Three people are in contention for the District 18 Attorney’s post, which will be vacated April 1 by current District Attorney Chris Wilson.

Paul Sund, a spokesman for Gov. Brad Henry, said the governor is reviewing files from three people who applied for appointment to the post.

The governor is expected to choose one of the three to fill Wilson’s post until a new district attorney is formally elected in July.

Wilson is resigning from the position to take a post with the U.S. Attorney’s Office in Muskogee.

“As I understand it, each of the files has been gone over by the (Oklahoma State Bureau of Investigation),” Sund said. “The governor still needs to review them and interview the applicants.”

He declined to name the applicants, citing personnel confidentiality laws.

If no one is appointed when Wilson leaves, First Assistant District Attorney Jimmy Harmon will continue running the office.

Whoever gets into the position will have a very busy schedule from the start.

In addition to any new cases, the new district attorney will have a number of old ones with which to contend.

Any time a new district attorney takes over an office, he or she must work with cases left from the previous administration.

Some current cases, such as that of Sidney Jackson, have been continued to the May jury docket. Others, such as the cases of Tonia L. Homer or Jeffery Allen Mitchell, were never set to go to trial before the May docket.

Jackson is charged with first-degree murder for the June 24 shooting death of Basil Lynn Grippando Jr. at Jackson’s Bache home. According to court documents, Grippando was shot in the head. Undersheriff Richard Sexton said the weapon used was believed to be a shotgun.

Prosecutors have never filed documents indicating they wish to seek the death penalty, according to court records.

Jackson has been held at the Pittsburg County Jail in lieu of $1 million bond since June.

In that case, defense attorneys requested a continuance so they could get independent testing of some evidence, Wilson said.

“The bottom line is the court wants the defendant and the state to have a fair trial,” Wilson said, adding that there are many reasons a trial might be continued. “If a defendant is not prepared and turns in a legitimate reason, the court will continue the trial,” he said. “The same thing goes for the state.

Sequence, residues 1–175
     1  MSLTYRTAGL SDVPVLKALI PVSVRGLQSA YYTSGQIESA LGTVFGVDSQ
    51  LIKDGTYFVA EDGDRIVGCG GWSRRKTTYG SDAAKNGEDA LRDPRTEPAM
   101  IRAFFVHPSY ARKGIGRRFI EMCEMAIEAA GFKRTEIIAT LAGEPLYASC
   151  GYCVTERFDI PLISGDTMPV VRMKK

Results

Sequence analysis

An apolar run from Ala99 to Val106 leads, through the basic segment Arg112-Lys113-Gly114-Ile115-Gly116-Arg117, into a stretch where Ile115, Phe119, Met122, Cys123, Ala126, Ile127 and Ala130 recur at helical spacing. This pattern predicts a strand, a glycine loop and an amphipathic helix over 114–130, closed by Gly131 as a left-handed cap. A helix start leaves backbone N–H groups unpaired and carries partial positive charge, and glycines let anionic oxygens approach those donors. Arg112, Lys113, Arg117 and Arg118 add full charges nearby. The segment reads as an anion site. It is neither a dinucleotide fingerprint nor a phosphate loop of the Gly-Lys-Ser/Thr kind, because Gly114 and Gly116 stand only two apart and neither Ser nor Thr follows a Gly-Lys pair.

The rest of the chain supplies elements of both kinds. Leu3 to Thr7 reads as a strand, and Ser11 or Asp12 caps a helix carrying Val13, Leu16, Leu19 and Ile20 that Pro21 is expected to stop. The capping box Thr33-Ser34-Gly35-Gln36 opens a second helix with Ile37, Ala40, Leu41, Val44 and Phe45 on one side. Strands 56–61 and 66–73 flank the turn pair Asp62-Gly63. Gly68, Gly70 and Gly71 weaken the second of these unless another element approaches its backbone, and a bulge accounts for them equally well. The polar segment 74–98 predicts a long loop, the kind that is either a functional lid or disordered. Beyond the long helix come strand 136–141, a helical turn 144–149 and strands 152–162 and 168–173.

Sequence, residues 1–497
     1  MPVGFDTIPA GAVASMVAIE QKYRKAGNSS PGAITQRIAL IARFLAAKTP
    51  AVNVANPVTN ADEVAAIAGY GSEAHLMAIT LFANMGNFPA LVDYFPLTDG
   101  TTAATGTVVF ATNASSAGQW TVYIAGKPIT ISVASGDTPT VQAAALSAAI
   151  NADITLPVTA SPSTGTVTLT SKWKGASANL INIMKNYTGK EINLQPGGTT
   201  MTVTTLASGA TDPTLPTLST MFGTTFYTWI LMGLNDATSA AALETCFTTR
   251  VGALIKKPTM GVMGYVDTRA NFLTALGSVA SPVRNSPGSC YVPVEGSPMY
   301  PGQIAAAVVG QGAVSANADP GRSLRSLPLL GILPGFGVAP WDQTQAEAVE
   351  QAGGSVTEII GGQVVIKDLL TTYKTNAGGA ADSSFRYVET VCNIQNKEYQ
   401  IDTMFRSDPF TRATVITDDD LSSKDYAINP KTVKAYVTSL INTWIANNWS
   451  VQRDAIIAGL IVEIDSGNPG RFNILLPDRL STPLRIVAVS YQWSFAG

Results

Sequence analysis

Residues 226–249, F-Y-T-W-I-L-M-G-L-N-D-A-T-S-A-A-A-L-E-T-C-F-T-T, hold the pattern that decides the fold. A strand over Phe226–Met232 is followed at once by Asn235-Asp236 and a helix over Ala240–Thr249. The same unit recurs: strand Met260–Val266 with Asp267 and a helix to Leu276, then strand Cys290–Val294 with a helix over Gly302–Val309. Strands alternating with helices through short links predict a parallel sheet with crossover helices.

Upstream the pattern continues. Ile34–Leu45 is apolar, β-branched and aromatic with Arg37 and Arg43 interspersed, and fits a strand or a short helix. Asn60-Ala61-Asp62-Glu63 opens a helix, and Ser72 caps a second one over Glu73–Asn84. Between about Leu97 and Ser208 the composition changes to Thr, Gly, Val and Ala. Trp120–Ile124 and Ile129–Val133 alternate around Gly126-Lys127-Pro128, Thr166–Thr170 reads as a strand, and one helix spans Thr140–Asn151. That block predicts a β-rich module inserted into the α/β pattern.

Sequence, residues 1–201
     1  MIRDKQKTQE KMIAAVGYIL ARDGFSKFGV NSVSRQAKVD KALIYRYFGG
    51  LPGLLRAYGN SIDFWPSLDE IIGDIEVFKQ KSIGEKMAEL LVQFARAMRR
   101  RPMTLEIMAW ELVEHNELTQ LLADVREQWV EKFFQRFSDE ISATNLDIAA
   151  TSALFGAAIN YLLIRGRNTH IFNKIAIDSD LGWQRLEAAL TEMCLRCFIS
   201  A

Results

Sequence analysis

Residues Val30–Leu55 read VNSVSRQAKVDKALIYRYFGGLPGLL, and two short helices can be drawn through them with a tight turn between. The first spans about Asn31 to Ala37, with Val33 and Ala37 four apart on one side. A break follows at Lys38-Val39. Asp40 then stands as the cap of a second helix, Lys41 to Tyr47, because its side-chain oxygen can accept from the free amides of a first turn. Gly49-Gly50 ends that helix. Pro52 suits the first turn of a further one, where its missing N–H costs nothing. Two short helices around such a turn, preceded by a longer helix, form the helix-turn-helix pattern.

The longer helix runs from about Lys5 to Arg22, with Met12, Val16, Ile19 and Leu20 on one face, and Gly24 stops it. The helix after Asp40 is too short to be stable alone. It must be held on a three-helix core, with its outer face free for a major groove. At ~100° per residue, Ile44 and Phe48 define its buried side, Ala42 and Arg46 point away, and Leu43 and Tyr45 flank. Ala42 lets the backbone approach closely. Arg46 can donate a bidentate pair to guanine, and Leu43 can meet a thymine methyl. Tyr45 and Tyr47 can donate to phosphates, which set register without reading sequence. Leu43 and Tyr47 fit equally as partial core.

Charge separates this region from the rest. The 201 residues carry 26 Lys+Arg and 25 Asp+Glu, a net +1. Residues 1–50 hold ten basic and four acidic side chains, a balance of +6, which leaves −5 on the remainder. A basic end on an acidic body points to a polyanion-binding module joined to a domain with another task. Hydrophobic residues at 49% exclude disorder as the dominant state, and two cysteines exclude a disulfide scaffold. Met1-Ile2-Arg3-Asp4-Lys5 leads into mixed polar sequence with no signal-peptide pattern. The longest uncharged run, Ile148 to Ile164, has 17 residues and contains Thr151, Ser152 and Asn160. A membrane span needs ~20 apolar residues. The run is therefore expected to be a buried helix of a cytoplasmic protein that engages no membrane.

“There can be a myriad of reasons.”

Most of the cases carried over to May from earlier jury dockets deal with drug offenses, although several other types of cases were also continued, including a forgery case, a felony bogus check case and a child abuse case.

The cases of Homer and Mitchell were never scheduled for trial before the May docket.

Homer is charged with two counts of negligent homicide, two counts of failure to use a child restraint, driving with a revoked driver’s license and failure to carry insurance verification.

Each of the charges is a misdemeanor stemming from a May 10 accident.

Mitchell is charged with conspiracy to commit a felony, second-degree arson and embezzlement in connection with a fire that destroyed the McAlester Taco Bell on Oct. 16.

One continued case may not go on the May jury docket, even though it’s scheduled. That case, involving convicted murderer Garry Thomas Allen, is basically on hold until the United States Supreme Court decides whether or not it will hear arguments on a separate issue.

If so, the county case will continue until the Supreme Court reaches a decision. If not, a county jury will have to determine if Allen is competent for execution.

“We haven’t been able to do anything on this,” Wilson said. “We’re not able to until we know what the Supreme Court decides.”

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